Universidad Nacional Autonoma de Mexico C.U., Av de los Insurgentes Sur S/N, 04510 Ciudad de México, CDMX, Mexico
As with most structures and sites in Mexico City, the Estadio Olímpico, or Olympic Stadium, located on the grounds of the university (UNAM), has played an important role in several historic episodes. First is its role in mid-20th-century Mexican architecture. Built in 1952, it is a marvel- designed to resemble a volcano in structure. It also has some important historic design elements, namely the decorative Mexican symbolism added by Diego Rivera. Second is its role in the 1968 Olympic Games. Even the spectators and viewers at home who had not paid much attention to the Games knew that the stadium was the site where American athletes Tommie Smith and John Carlos gave the Black Power salute during a medal ceremony. The image of the athletes standing next to Australian silver medalist Peter Norman (who wore a badge in support of Smith and Carlos), is an iconic image of the Games. Today the stadium is the home of the Pumas soccer team, and during home games, the stadium often fills to capacity.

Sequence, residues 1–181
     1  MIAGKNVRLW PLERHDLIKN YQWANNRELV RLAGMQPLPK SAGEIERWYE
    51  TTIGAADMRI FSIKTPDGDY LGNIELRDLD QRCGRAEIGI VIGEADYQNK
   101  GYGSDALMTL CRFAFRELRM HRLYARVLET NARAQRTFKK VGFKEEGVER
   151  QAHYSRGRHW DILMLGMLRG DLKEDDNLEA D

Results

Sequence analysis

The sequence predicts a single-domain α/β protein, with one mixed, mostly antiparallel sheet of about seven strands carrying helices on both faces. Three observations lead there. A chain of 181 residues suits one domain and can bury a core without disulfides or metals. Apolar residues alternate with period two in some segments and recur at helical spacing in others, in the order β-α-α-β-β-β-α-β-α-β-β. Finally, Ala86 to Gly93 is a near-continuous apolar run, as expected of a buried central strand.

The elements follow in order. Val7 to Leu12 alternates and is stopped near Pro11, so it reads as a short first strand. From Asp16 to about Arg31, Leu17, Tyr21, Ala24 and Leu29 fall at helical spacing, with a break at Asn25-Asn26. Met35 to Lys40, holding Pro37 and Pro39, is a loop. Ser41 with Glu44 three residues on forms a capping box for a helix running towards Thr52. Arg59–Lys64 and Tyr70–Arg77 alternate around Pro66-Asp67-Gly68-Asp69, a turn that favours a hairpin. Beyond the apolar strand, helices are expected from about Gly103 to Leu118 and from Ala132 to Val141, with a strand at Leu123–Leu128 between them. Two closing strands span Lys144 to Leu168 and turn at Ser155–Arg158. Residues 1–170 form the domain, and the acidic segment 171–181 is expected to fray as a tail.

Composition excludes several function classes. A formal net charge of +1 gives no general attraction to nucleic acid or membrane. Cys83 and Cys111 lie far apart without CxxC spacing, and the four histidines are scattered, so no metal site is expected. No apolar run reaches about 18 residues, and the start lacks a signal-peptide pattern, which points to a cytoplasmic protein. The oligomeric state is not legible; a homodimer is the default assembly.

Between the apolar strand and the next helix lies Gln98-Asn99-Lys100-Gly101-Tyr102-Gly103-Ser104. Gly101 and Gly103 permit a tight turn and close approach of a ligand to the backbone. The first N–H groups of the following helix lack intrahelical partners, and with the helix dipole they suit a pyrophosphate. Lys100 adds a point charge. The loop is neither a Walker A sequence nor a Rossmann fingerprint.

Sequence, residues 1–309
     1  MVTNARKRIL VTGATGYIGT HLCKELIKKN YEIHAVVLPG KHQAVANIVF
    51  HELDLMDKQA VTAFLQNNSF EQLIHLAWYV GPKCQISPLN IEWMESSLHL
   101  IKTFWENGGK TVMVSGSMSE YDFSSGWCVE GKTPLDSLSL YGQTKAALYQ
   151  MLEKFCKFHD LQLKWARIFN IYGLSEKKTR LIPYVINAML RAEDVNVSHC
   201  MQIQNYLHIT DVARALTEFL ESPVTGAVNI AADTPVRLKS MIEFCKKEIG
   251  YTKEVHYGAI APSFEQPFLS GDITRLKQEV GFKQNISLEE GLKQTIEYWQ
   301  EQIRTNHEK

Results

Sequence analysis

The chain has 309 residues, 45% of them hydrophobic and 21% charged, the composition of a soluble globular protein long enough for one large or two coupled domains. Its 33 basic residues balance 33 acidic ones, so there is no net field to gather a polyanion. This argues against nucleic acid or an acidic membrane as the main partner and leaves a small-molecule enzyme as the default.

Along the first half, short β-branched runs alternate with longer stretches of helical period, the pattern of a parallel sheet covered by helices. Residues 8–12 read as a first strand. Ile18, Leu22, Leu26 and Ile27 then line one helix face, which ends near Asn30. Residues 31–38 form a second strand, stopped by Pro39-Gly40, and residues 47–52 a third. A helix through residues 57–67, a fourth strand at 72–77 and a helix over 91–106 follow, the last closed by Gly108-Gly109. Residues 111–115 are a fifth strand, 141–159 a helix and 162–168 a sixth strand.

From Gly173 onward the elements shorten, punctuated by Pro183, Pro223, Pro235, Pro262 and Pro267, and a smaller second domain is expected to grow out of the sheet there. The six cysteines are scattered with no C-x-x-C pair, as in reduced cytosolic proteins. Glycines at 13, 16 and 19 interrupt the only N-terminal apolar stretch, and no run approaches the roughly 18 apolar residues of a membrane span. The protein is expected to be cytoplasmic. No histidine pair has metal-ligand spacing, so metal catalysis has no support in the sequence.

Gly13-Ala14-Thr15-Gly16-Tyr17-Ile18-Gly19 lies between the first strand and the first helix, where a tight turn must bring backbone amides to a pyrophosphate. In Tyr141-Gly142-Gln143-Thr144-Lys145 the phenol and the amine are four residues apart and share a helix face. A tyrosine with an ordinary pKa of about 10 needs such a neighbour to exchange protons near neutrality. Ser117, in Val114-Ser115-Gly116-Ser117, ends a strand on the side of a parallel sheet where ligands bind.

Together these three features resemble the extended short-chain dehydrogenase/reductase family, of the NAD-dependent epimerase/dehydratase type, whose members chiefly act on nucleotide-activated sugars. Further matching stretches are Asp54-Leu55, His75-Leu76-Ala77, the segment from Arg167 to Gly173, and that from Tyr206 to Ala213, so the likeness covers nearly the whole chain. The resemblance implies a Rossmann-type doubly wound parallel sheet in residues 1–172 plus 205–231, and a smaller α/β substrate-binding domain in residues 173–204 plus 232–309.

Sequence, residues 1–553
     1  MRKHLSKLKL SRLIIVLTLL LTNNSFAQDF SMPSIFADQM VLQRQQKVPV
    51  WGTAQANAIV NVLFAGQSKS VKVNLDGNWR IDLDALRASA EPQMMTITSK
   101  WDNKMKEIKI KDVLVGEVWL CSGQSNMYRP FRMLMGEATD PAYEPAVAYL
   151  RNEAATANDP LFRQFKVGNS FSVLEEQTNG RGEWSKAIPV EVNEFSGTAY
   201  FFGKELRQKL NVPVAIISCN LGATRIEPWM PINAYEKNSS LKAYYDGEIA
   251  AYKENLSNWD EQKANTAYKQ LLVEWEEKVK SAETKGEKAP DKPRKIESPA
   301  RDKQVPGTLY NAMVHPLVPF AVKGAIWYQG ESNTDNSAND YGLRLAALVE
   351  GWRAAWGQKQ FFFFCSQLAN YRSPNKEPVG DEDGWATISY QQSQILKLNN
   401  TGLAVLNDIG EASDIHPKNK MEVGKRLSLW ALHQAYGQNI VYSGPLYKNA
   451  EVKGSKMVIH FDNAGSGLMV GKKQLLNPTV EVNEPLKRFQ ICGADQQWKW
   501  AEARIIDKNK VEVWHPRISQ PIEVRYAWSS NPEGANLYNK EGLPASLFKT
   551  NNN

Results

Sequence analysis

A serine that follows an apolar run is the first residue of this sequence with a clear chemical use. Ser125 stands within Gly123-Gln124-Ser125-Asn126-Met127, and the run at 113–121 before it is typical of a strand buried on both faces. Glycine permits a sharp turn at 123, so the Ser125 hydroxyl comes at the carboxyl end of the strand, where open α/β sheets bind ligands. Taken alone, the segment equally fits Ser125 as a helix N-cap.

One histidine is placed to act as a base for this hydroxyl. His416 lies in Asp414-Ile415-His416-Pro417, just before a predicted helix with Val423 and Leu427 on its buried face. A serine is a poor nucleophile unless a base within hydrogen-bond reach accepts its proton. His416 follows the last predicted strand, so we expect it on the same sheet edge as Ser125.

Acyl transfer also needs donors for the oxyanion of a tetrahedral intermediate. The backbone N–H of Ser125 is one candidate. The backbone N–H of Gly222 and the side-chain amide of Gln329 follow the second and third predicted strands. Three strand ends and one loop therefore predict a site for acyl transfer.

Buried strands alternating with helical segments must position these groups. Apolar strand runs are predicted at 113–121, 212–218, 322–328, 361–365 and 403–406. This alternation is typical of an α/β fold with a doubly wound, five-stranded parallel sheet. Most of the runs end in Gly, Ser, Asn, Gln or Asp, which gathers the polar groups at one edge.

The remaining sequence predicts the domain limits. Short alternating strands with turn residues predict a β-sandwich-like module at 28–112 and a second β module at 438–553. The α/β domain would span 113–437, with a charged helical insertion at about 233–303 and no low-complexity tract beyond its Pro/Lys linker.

Av. Viaducto Rio de la Piedad S/N, Granjas México, 08400 Iztacalco, CDMX, Mexico
Foro Sol, like Auditorio Nacional, is a massive venue for big concerts, and if your favorite group hasn’t played Auditorio Nacional, it’s probably taken the stage at Foro Sol. Newer than Auditorio Nacional (it was built in 1993), Foro Sol is also an entirely different kind of venue; the Auditorio is entirely indoors, while Foro Sol is a stadium. Familiar names who have played here in recent years include Bon Jovi, Joan Baez, Creedence Clearwater Revival, and Tool, among dozens of others.
Av. Industria Militar S/N, Residencial Militar, Hipódromo de las Américas, 11600 Miguel Hidalgo, CDMX, Mexico
You probably won’t head out to the Hipódromo de las Américas unless you’re a devoted horse racing fan, but if you do consider yourself a betting and racing aficionado, you’ll probably be glad you visited. Hipódromo de las Américas was established in 1943 and can accommodate 10,000 fans. The infield’s artificial turf is the largest such extension in Latin America, one of several superlatives attached to this venue. Cost is no barrier for fans, either: entry is as low as 10 pesos, depending on where you want to sit, and betting starts as low as 1 peso. Check the schedule to see if any major events are on during your visit; this venue is home to the Mexican Derby.